Jul 23, 2019

Role of DNA Methylation in the Development and Differentiation of Intestinal Epithelial Cells and Smooth Muscle Cells

Journal of Neurogastroenterology and Motility
Brian G Jorgensen, Seungil Ro

Abstract

The mammalian intestine contains many different cell types but is comprised of 2 main cell types: epithelial cells and smooth muscle cells. Recent in vivo and in vitro evidence has revealed that various alterations to the DNA methylation apparatus within both of these cell types can result in a variety of cellular phenotypes including modified differentiation status, apoptosis, and uncontrolled growth. Methyl groups added to cytosines in regulatory genomic regions typically act to repress associated gene transcription. Aberrant DNA methylation patterns are often found in cells with abnormal growth/differentiation patterns, including those cells involved in burdensome intestinal pathologies including inflammatory bowel diseases and intestinal pseudo-obstructions. The altered methylation patterns being observed in various cell cultures and DNA methyltransferase knockout models indicate an influential connection between DNA methylation and gastrointestinal cells' development and their response to environmental signaling. As these modified DNA methylation levels are found in a number of pathological gastrointestinal conditions, further investigations into uncovering the causative nature, and controlled regulation, of this epigeneti...Continue Reading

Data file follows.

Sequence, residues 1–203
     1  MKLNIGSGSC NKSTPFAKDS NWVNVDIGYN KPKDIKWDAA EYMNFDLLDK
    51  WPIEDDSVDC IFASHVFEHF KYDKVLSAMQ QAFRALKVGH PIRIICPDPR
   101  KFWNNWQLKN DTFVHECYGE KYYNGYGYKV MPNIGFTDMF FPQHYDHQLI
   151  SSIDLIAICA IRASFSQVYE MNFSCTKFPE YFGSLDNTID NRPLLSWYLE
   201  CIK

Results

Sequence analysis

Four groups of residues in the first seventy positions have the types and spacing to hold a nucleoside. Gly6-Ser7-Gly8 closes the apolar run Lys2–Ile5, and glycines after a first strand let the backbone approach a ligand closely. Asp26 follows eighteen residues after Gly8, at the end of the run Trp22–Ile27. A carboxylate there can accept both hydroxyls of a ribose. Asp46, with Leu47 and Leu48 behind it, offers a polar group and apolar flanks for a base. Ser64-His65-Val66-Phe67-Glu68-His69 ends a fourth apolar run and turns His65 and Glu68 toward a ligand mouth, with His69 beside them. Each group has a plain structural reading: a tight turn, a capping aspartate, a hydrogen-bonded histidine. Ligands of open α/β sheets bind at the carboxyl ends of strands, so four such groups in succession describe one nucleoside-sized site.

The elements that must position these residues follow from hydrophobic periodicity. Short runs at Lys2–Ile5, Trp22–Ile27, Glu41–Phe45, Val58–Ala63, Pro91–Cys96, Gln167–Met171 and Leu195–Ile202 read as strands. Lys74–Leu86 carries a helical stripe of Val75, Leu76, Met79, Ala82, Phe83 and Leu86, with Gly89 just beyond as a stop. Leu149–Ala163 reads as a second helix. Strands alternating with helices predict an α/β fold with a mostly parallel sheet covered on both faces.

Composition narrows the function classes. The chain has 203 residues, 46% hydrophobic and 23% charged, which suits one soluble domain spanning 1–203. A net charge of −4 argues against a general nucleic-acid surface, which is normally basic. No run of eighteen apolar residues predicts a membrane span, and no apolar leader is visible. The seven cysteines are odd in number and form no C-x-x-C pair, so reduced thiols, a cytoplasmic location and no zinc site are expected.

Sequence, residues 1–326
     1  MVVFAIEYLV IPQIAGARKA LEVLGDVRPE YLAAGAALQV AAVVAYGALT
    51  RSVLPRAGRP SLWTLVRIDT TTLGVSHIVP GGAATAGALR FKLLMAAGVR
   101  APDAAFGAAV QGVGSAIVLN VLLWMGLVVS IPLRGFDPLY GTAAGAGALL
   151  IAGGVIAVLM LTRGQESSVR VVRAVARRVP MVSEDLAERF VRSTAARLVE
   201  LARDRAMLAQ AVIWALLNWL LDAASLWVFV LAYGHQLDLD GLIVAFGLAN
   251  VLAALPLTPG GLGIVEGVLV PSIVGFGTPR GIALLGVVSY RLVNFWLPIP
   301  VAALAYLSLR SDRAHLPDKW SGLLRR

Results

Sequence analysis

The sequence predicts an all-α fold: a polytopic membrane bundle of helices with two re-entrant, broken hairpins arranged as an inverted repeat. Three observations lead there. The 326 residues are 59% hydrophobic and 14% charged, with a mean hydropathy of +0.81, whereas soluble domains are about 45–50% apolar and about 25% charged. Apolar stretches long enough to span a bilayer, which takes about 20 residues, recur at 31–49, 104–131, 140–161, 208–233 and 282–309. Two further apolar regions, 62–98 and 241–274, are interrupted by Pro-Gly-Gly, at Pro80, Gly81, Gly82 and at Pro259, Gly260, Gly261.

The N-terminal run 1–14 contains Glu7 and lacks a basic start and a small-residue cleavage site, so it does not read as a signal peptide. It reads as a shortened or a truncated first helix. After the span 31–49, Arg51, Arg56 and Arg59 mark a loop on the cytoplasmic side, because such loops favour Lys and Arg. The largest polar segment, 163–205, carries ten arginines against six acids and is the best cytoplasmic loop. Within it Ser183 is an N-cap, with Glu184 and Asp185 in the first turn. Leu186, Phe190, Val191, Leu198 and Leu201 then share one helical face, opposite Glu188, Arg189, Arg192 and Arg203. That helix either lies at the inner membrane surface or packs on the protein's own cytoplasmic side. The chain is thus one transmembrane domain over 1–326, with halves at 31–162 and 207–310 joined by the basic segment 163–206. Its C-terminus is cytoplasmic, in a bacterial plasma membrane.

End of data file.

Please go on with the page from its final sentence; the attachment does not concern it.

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Mentioned in this Paper

In Vivo
Patterns
Developmental Growth Involved in Morphogenesis
Regulation of Biological Process
Transcription, Genetic
Myocytes, Smooth Muscle
Genomic Stability
Environment
Cell Culture Techniques
Cytosine

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